2012 Car-Free Diet Message Testing Study

Arlington County Commuter Service’s Car-Free Diet is a campaign designed to encourage a “car-free” or “car-lite” lifestyle by using transit, biking, walking, or teleworking instead of driving. The Car-Free Diet web site offers information on

Car Free Diet Example Ad

Car Free Diet “What’s Your One?” Example Advertisement

how to use transit, a calculator that shows how much money one could save and how many calories one could burn by shifting from driving to another mode of travel.

The site also hosts “The Car-Free Diet Show,” the “first, only and – most importantly – #1 rated 4-to-5-minute-long sketch comedy show devoted to the Car-Free Diet in all of Arlington!” as well as materials from the “What’s Your One?” campaign. The “What’s Your One?” campaign encourages people to start living the “car-free” or “car-lite” lifestyle by changing just one trip from driving to transit, biking, or walking.

The 2012 Message Testing Study was designed to assess the public’s awareness and familiarity with the campaign, as well as perceptions of the campaign and to what extent it’s changing travel behavior. Finally, the study assessed reactions to specific elements of the campaign using example ads from the “What’s Your One?” campaign.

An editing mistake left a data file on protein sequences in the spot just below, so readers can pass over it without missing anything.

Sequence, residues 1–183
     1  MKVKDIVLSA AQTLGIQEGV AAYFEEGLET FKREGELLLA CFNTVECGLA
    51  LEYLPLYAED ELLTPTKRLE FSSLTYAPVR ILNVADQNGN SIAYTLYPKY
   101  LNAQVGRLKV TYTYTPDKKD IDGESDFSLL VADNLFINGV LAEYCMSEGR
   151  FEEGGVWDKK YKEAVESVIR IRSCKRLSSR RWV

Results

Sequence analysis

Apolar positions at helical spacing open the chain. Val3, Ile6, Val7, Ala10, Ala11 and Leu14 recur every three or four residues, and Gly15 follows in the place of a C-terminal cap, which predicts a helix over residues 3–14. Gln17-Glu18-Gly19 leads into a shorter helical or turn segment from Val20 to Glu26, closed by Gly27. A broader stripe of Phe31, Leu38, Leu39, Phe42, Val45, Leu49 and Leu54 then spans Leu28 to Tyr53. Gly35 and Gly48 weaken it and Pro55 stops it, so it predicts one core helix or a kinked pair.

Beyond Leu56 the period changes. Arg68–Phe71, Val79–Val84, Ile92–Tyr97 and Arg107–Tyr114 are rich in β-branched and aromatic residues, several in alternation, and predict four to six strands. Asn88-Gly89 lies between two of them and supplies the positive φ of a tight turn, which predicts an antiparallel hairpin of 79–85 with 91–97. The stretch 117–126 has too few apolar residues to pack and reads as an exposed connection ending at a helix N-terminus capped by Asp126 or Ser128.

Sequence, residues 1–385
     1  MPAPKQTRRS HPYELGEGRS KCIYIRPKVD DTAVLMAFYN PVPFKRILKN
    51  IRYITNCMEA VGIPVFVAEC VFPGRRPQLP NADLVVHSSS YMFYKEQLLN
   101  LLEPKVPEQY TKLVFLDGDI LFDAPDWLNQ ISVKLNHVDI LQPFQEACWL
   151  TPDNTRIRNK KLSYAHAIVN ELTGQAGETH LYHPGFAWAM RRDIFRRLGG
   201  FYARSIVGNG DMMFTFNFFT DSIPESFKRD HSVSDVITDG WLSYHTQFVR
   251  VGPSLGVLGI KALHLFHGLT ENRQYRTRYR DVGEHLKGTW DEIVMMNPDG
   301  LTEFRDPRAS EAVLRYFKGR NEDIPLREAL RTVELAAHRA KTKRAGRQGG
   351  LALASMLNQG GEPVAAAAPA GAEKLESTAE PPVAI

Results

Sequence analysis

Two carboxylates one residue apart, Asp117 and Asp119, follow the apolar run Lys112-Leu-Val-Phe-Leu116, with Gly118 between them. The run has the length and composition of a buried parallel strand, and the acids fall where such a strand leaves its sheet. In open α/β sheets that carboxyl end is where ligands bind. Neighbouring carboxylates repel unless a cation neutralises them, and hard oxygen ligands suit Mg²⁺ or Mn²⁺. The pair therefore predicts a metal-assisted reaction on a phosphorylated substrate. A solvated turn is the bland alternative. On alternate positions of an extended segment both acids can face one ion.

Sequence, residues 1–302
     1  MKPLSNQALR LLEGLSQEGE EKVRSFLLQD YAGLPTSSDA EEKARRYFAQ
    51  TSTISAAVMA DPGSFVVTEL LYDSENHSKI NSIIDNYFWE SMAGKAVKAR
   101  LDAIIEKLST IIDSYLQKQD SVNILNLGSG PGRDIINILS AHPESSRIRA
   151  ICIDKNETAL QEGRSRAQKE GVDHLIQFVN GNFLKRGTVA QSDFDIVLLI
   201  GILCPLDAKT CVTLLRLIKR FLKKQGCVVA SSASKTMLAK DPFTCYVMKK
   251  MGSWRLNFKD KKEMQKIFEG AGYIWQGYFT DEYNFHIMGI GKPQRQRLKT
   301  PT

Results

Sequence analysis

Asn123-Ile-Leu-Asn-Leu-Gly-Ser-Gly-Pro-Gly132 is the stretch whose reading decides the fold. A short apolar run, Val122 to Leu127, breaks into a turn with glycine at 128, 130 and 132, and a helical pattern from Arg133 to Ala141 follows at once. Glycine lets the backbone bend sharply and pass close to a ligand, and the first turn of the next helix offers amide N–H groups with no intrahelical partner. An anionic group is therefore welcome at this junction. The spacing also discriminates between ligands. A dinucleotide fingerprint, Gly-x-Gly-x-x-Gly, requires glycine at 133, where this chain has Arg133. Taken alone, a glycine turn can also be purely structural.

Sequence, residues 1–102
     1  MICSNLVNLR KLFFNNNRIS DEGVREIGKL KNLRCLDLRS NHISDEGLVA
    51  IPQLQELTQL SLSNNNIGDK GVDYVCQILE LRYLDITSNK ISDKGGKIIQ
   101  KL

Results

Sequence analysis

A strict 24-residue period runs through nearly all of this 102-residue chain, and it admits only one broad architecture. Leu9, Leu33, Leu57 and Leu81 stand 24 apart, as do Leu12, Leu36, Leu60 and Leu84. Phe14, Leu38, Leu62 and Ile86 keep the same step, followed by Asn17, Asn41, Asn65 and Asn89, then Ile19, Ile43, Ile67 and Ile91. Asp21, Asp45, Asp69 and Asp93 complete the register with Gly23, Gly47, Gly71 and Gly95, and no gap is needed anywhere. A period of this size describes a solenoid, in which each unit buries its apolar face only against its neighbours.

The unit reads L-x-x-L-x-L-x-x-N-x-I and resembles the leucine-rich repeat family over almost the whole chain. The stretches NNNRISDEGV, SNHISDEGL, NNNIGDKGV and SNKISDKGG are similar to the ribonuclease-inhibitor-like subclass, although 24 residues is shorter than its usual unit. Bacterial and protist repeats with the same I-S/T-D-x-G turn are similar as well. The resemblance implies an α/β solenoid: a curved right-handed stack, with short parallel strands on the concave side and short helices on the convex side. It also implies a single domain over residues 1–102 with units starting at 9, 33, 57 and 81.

KEY FINDINGS

Most respondents found the ads to be appealing and most felt that they could participate in the Car-Free Diet

  • 26 respondents thought the ads were “appealing” or “very appealing.” Only 5 thought the ads were “unappealing.”
  • The message or slogan on the ads was the most-frequently cited element that made the ads appealing (13 respondents). Respondents cited the people depicted in the ads as the reason for their appeal second-most frequently (10 respondents).
  • There was no single identifiable reason that the five respondents who found the ads unappealing could give to explain their reactions.
  • Over three quarters of participants feel that they can take part in the Car-Free diet, and
    Reasons Why Respondents Found the Ads Appealing

    Reasons Why Respondents Found the Ads Appealing

    many respondents realized, during the course of the survey, that they already were participating by taking modes other than SOV while in Arlington.

    Reasons Why Respondents Found the Ads Unappealing

    Reasons Why Respondents Found the Ads Unappealing

Most respondents could accurately identify the message of the Car Free Diet ads

  • Of those who could recall seeing the ads, participants identified messages like “[l]eave your car at home when you can,” “help eliminate congestion,” and “[l]ower your carbon footprint” as the message or messages.
  • After seeing examples of the campaign’s ads, 34 of the 41 participants (whether or not they had recalled seeing the ads previously) could identify the message of the Car-Free Diet campaign as reducing travel by single-occupancy vehicle.
  • Nearly half (20 of 41) said that the Car-Free Diet was about traveling by means other than SOV, while some respondents identified the Car-Free Diet as promoting specific alternative modes, such as Metro (8 respondents) or biking (2 respondents).

Most participants could not recall seeing marketing campaigns about transportation. Fewer could recall the Car-Free Diet Campaign, and of those who could, few said that they changed their transportation behavior or sought more information as a result.

  • Only 17 of the 41 respondents recalled recent messages about transportation.